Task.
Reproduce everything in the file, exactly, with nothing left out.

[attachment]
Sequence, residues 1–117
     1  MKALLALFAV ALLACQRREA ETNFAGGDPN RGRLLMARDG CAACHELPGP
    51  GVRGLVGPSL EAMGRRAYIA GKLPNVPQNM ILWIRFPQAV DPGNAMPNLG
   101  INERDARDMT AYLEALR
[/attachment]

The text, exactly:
Sequence, residues 1–117
     1  MKALLALFAV ALLACQRREA ETNFAGGDPN RGRLLMARDG CAACHELPGP
    51  GVRGLVGPSL EAMGRRAYIA GKLPNVPQNM ILWIRFPQAV DPGNAMPNLG
   101  INERDARDMT AYLEALR